8 Copyright JNT Association 2006 8 8 8 And what does it require? Ensure actions have a clear purpose Ensure actions are necessary and proportionate Have controls to prevent accidental/deliberate abuse of powers Inform users of what you are doing –Unless notification would defeat the purpose –But use this excuse sparingly! See slide 3

9 Copyright JNT Association 2006 9 9 9 So… Document your rules, procedures and controls –If you aren’t happy with them yourself, make them better –System/network managers are prime suspects Agree rules and procedures with your organisation –If they aren’t happy with them, make them better –If you have their backing, you have little (personally) to fear Explain rules/procedures to (selected) users –If they aren’t happy with them, make them better –Or explain them better! Now you have nothing to be ashamed of!

10 Copyright JNT Association 2006 10

11 Copyright JNT Association 2006 11 What’s new in the law (2006)?

12 Copyright JNT Association 2006 12 Recent Cases War-driving (Communications Act 2003, s. 125) –“Dishonestly obtaining communications services” - £500 fine No requirement that service be protected, or use cause loss! But must be a deliberate act –So what is dishonest? Does it depend on SSID and location? DoS attacks (Computer Misuse Act 1990, s. 3) –Flooding a mailhub with e-mail: authorised? –Youth Court says yes; Appeal Court says no, so s.3 applies Test: “Would owner have agreed, if asked? No!” – Hmmm Police and Justice Bill will make it an explicit offence –Two months curfew Illegal interception (RIPA 2000) –Re-configuring mail server to copy all mails to someone else –£20,000 fine + costs + suspended prison sentence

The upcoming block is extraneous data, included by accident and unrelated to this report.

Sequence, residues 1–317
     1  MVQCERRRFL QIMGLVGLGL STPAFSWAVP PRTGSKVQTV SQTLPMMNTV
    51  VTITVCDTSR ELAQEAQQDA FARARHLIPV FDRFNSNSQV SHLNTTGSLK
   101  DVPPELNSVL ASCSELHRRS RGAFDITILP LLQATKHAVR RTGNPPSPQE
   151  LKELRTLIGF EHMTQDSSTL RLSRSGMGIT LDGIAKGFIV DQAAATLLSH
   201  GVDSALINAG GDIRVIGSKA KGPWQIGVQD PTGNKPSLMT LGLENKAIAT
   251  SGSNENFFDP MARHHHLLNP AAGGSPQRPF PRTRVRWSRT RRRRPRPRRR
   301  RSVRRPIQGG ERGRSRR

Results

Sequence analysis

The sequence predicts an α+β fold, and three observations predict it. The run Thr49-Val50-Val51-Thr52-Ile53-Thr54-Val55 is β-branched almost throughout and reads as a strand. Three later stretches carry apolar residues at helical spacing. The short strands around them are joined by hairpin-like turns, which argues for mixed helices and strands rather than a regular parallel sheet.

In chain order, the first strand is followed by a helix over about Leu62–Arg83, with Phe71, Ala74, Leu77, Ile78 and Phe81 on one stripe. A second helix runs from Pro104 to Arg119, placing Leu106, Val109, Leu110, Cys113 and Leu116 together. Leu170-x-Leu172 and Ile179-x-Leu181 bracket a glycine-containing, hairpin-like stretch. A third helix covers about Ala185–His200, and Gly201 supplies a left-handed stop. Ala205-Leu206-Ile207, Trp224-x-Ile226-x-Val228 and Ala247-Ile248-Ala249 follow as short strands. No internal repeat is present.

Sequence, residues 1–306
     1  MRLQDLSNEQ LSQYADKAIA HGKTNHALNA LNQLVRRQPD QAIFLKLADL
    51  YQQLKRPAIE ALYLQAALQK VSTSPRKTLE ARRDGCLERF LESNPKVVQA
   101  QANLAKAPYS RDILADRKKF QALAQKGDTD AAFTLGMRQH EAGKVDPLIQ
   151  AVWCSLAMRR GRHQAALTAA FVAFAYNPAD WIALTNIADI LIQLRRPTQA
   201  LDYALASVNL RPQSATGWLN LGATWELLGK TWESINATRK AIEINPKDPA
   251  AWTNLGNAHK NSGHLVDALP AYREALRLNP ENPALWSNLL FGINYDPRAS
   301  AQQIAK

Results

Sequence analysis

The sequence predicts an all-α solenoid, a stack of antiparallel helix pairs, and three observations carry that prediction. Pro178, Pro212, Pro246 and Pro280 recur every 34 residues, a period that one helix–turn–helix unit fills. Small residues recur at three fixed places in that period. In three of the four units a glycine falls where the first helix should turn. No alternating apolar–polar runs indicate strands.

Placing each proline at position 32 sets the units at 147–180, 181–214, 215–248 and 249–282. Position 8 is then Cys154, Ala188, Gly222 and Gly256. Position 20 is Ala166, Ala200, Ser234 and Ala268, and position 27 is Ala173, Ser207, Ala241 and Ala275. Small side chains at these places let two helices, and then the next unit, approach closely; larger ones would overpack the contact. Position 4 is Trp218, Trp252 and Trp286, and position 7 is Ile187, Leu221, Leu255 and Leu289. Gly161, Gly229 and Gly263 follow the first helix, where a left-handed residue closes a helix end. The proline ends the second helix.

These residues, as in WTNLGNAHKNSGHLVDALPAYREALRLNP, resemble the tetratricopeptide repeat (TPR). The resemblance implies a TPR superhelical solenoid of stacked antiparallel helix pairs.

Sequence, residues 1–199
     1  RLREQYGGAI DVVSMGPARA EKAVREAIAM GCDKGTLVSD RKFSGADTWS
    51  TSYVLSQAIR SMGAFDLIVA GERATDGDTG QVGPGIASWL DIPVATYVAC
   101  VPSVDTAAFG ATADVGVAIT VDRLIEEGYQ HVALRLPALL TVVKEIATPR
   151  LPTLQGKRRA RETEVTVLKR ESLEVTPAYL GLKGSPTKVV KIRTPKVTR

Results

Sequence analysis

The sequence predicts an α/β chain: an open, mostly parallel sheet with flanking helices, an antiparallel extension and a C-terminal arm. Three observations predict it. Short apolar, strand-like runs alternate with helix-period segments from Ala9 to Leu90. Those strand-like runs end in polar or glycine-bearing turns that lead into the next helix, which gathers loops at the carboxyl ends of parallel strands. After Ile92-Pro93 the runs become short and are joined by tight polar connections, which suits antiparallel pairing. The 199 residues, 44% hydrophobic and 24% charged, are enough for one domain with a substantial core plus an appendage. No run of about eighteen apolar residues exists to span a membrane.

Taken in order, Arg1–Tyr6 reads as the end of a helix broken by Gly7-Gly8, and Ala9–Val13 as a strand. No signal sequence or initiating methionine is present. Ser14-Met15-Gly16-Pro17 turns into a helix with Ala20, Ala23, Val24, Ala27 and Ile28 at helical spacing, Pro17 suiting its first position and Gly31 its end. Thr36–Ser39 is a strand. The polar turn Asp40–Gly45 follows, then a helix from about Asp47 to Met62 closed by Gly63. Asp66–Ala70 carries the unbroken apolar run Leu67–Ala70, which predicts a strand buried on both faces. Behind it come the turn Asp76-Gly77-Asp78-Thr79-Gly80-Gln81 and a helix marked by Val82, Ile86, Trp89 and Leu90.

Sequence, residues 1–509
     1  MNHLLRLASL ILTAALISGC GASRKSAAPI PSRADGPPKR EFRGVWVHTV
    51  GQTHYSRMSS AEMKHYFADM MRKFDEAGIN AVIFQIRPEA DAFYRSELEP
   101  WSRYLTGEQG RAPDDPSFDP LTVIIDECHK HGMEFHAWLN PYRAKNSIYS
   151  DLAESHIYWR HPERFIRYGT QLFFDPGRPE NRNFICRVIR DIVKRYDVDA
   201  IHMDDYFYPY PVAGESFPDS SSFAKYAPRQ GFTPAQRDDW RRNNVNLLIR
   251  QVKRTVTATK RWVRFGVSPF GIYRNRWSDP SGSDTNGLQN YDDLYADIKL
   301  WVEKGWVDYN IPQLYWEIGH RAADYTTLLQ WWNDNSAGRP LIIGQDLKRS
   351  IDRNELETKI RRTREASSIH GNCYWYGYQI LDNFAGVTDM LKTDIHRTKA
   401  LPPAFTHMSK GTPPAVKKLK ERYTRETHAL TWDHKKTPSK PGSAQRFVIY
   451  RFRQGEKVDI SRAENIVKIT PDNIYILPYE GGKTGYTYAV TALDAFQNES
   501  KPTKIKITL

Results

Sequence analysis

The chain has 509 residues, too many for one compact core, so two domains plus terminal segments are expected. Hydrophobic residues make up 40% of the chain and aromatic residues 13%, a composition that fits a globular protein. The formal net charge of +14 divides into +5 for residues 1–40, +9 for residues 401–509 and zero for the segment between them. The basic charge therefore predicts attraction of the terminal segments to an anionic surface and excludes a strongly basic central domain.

13 Copyright JNT Association 2006 13 New Laws Terrorism Act 2006 –Notice and take-down of terrorist material Notice sent to senior executive of organisation –Two working days to respond Or organisation is held to approve the material RIPA 2000 (Pt 2 Ch 1) Code of Practice –Covers disclosure notices for traffic data –Documents existing practice

14 Copyright JNT Association 2006 14 Topics of Discussion 1 Blocking Illegal-to-Possess Content –Pressure on ISPs to prevent access to content on IWF list by next year –Currently, indecent images of children Hacking Tools (Police & Justice Bill) –Criminalise supplying tools for CMA offences With intent or likelihood that they will be so used –Authorised use is still fine under CMA 1990

15 Copyright JNT Association 2006 15 Topics of Discussion 2 Extreme Pornography (proposed legislation) –Will become illegal to possess Currently only publishing is illegal (OPA 1957) –“Good reason” defence to be included Access to encrypted material (RIPA 2000) –Existing power (Pt 3) to be switched on –Order to decrypt material seized by police Rarely, may be required to disclose a key –2-5 years in prison if you refuse to do so If court believes you could have disclosed/decrypted

16 Copyright JNT Association 2006 16 Topics of Discussion 3 DoS attacks (Police & Justice Bill) –CMA1990 s3 to become “unauthorised interference” Data Preservation after major incidents –ACPO working group to develop better process DPA1998 s.55 (DCA consultation) –2 years in prison for deliberate unauthorised disclosure of personal data (“What Price Privacy?” report by Information Commissioner) Currently only a fine – a “business expense” to some